STAFF at Stirling University have misinformed people about their processes for recording student suicide statistics, Brig can reveal.
Students have been misled by the University, following conflicting information issued by staff in regard to the statistics.
In November, a Freedom of Information (FOI) request revealed that figures for student deaths by suicide are now available since the 2016/17 academic year.
However, in October 2017, the university responded to a FOI request submitted by a former Brig writer, stating that: “The University of Stirling does not formally record the reason for student deaths and therefore does not hold information on the number of suicides.”
In response to the apparent conflict in information given by the University’s FOI department, a spokesperson said on January 10 of this year: “The University began formally recording the reason for student deaths on its Student Management System in November 2017. “This has since encompassed the inclusion of historical records where data has become available.”
However, a week later on January 17, another spokesperson said: “In academic year 2018/2019, in order to assist with the development of our mental health support for students, we took a sector leading decision to systematically and formally record student deaths, by suicide, on our Student Management System.
Hence the University have given out conflicting or wrong information about when they formally began recording suicide statistics.
A number of students have also been misinformed by University management. In the spring semester of last year, several students organised a protest which targeted an Applicant Day at the university, where prospective students were invited to tour the campus and speak to lecturers and staff.
The protesters included ex-Stirling Labour candidate Mary Kate Ross and the Student Union’s housing officer, Cian Ireland.
The protest, which took place in April 2019, saw students gather at the main entrance to the University and around campus to hand out leaflets to potential applicants, and discuss the state of mental health services.
Anonymous testimonies from student and staff in relation to negative experiences with mental health at the university were also handed out. Despite claims of the university “taking down” some of their posters, the protest came to a premature end after senior officials engaged in “a productive dialogue” with some of the protesters.
However, it now appears that the protesters were misinformed by University staff. The protesters claim that they were told by Jill Stevenson, the Dean of Equality, Diversity and Inclusion, that no statistics were available at the time. But in recent correspondence with Brig Newspaper, it has become apparent that since November 2017, around a year and a half earlier, figures have been recorded on the Student Management System.
Learning of the revelations, Ireland said:
“Well they’ve misinformed me then. My opinion is if the uni spokesperson said that they were collecting data in 2017, it’s a disgrace that we were misled.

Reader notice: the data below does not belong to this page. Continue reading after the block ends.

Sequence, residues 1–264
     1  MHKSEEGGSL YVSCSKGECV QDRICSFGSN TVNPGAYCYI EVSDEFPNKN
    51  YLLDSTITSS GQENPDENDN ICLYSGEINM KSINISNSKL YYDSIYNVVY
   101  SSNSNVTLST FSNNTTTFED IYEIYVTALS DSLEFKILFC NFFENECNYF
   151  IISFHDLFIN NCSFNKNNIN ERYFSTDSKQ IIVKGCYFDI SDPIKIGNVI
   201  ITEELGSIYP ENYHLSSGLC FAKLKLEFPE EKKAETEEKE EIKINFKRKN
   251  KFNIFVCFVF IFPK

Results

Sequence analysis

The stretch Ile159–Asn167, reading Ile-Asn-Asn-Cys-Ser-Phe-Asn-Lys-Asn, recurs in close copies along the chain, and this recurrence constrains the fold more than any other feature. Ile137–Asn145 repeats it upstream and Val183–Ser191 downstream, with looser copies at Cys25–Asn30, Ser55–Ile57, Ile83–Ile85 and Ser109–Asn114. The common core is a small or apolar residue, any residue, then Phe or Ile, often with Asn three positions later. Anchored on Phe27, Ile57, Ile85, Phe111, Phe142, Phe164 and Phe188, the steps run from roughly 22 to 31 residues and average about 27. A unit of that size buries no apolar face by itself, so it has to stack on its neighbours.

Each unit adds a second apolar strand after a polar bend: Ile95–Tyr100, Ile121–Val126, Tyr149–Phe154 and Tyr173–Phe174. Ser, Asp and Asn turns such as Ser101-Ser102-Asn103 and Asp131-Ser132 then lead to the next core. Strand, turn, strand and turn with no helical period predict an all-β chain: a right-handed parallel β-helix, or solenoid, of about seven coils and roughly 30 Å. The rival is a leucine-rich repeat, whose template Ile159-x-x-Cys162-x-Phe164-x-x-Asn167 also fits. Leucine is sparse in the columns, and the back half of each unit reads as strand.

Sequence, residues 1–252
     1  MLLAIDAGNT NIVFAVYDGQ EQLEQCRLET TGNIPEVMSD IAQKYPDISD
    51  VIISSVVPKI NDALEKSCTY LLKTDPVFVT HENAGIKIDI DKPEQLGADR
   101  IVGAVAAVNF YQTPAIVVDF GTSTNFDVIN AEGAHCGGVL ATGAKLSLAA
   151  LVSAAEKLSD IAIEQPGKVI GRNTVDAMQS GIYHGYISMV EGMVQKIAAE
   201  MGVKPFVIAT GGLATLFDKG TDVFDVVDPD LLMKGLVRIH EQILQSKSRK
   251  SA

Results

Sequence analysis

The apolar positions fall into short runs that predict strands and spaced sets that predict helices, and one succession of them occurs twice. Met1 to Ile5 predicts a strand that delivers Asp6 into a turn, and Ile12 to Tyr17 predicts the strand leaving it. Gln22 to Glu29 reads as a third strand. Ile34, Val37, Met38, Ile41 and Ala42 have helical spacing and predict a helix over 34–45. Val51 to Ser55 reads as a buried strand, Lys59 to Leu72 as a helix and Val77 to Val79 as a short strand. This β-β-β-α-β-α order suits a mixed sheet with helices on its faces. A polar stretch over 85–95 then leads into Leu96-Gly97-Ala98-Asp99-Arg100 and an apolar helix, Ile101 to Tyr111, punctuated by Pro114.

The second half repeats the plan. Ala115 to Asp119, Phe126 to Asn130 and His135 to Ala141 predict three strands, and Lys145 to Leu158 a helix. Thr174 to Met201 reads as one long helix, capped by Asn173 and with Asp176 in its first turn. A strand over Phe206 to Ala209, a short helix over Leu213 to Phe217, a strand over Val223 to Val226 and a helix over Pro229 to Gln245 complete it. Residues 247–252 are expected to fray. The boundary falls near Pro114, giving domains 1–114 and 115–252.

“If they only started collecting data in 2019 as I was told then it’s also a disgrace as it should not have taken that long for them to be collecting such important data.
“It’s all incredibly unprofessional.”
The University’s deputy secretary Joanna Morrow originally said that there had been a “fundamental misunderstanding to do with the wording that was used in good faith in the FOI response that we collated into an official record.
“At some point in the last academic year, we agreed that we should hold that information.”
After the contradictory statements issued a week apart by the University were brought to deputy secretary Morrow’s attention, she was asked which one of the statements, if either, were true and why staff had given false information to both students and the press.
She replied: “The statement issued on Jan 17 2020 reflects the accurate position on the recording of student death by suicide.”
The staff member who issued the original statement of January 10, was incorrect, according to Morrow.
This follows revelations of miscommunication between staff from different departments. Jill Stevenson commented on matters that were not under her remit on the Applicant Day protest.
Morrow said: “When Jill was discussing with the students at the protest, she wasn’t doing it on the basis of something that her own team does.”
Although it is unclear as to how and why mistakes have continually been made in regard to University communications, the fact remains that last year’s spike in student suicide rates will remain a primary concern for everyone involved.
If you are struggling and in need of help, contact Samaritans on 116 123 for free, or visit www.samaritans.org
Stirling Nightline is also available to all students from 10pm till 7am during semester time by calling 01786 466866.
Fourth-year BA (Hons) Journalism Studies student.
News Editor, Sports Editor and Head of Proofreading for Brig Newspaper.
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